The Wasp Factory

by

Iain Banks

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Blyth Cauldhame Character Analysis

Frank and Eric’s cousin. Blyth would spend the summers visiting and terrorizing the island. Rude and violent, one year Blyth used a flamethrower to massacre Frank and Eric’s pet rabbits. This devastated Eric and enraged Frank, who vowed to take revenge. The next summer, Blyth returned. He had lost his leg in a car accident and now wore a prosthetic, and was even more aggressive than before. Frank hid an adder in Blyth’s hollow leg while his cousin slept, swiftly killing him.

Blyth Cauldhame Quotes in The Wasp Factory

The The Wasp Factory quotes below are all either spoken by Blyth Cauldhame or refer to Blyth Cauldhame. For each quote, you can also see the other characters and themes related to it (each theme is indicated by its own dot and icon, like this one:
Ritual and Superstition  Theme Icon
). Note: all page numbers and citation info for the quotes below refer to the Simon & Schuster edition of The Wasp Factory published in 1998.
Chapter 2 Quotes

Eric in particular was very upset. He cried like a girl. I wanted to kill Blyth there and then; the hiding he got from his father, my dad’s brother James, was not enough as far as I was concerned, not for what he’d done to Eric, my brother. Eric was inconsolable, desperate with grief because he had made the thing Blyth had used to destroy our beloved pets. He always was a bit sentimental, always the sensitive one, the bright one; until his nasty experience everybody was sure he would go far. Anyway, that was the start of the Skull Grounds, the area of the big, old, partially earthed-over dune behind the house where all our pets went when they died. The burned rabbits started that. Old Saul was before them, but that was just a one-off thing.

Page Number: 38
Explanation and Analysis:
Chapter 4 Quotes

The rocks of the Bomb Circle usually get me thinking and this time was no exception, especially considering the way I’d lain down inside them like some Christ or something, opened to the sky dreaming of death. Well, Paul went about as quickly as you can go; I was certainly humane that time. Blyth had lots of time to realise what was happening, jumping about the Snake Park screaming as the frantic and enraged snake bit his stump repeatedly, and little Esmerelda must have had some inkling what was going to happen to her as she was slowly blown away.

My brother Paul was five when I killed him. I was eight. It was over two years after I had subtracted Blyth with an adder that I found an opportunity to get rid of Paul. Not that I bore him any personal ill-will; it was simply that I knew he couldn’t stay. I knew I’d never be free of the dog until he was gone (Eric, poor well-meaning bright but ignorant Eric, thought I still wasn’t, and I just couldn’t tell him why I was).

Page Number: 66
Explanation and Analysis:
Chapter 5 Quotes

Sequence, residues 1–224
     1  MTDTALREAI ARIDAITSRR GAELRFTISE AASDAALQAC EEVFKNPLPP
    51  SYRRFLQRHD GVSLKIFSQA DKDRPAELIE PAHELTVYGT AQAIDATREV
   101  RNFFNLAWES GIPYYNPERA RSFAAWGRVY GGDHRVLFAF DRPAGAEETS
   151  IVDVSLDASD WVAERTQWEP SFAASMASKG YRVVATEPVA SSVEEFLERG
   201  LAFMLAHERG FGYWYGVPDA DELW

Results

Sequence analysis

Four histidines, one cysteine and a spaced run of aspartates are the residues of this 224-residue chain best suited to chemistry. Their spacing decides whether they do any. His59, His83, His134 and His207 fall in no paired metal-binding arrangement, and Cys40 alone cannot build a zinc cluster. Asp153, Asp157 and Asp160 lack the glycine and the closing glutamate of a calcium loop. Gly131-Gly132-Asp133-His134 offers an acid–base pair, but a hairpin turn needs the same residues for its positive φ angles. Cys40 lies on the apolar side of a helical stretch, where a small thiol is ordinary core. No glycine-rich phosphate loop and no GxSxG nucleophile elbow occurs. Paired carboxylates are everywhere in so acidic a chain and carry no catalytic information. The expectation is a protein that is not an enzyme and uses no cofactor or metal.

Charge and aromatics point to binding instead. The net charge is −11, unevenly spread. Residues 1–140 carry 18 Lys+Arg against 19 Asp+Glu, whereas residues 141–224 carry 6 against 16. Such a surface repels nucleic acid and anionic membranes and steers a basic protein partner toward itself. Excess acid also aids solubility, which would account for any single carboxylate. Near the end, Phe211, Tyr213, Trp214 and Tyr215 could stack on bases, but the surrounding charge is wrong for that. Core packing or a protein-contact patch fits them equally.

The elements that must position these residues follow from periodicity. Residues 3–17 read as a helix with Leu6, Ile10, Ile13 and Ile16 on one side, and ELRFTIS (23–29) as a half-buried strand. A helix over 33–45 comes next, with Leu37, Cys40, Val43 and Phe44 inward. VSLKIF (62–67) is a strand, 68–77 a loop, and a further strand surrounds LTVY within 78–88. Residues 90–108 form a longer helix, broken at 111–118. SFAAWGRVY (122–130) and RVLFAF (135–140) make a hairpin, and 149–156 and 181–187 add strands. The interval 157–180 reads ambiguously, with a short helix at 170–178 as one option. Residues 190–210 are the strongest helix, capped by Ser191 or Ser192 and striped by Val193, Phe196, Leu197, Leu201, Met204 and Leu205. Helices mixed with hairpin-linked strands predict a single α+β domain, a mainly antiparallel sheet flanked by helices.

I had decided I would try to murder Esmerelda before she and her parents even arrived for their holiday. Eric was away on a school cruise, so there would only be me and her. It would be risky, so soon after Paul’s death, but I had to do something to even up the balance. I could feel it in my guts, in my bones; I had to. It was like an itch, something I had no way of resisting, like when I walk along a pavement in Porteneil and I accidentally scuff one heel on a paving stone. I have to scuff the other foot as well, with near as possible the same weight, to feel good again… In a whole range of ways like that I try to keep balanced, though I have no idea why. It is simply something that must be done; and, in the same way, I had to get rid of some woman, tip the scales back in the other direction.

Page Number: 88
Explanation and Analysis:
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Blyth Cauldhame Character Timeline in The Wasp Factory

The timeline below shows where the character Blyth Cauldhame appears in The Wasp Factory. The colored dots and icons indicate which themes are associated with that appearance.
Chapter 2: The Snake Park
Control, Violence, and Power Theme Icon
Family and Friendship  Theme Icon
Sanity and Insanity  Theme Icon
Sexism and Gender Roles Theme Icon
...killed another person. This act of violence was also related to rabbits—one summer his cousin, Blyth, was visiting and murdered Frank and Eric’s pet rabbits with a flamethrower that Eric had... (full context)
Control, Violence, and Power Theme Icon
Family and Friendship  Theme Icon
The next summer Blyth returned. Still unpleasant, he was now missing his left leg below the knee (replaced with... (full context)
Control, Violence, and Power Theme Icon
Sanity and Insanity  Theme Icon
As he falls asleep, Frank thinks about the three murders he’s committed in his life: Blyth, then Paul, two years later, and then his little cousin Esmerelda the year after that.... (full context)
Chapter 3: In the Bunker
Family and Friendship  Theme Icon
Sanity and Insanity  Theme Icon
...altogether. Plus, Frank suspects that many parents guessed about his connection to the deaths of Blyth, Paul, and Esmerelda. (full context)
Chapter 4: The Bomb Circle
Sanity and Insanity  Theme Icon
...“lots of different people inside my brain.” Frank feels a little guilty about having killed Blyth, Paul and Esmerelda. Similarly, a part of him feels guilty for massacring the rabbits. (full context)
Chapter 8: The Wasp Factory
Ritual and Superstition  Theme Icon
Control, Violence, and Power Theme Icon
...on an alter decorated with other powerful objects — the skull of the snake that killed Blyth, a fragment of the bomb that killed Paul, a piece of fabric from the kite... (full context)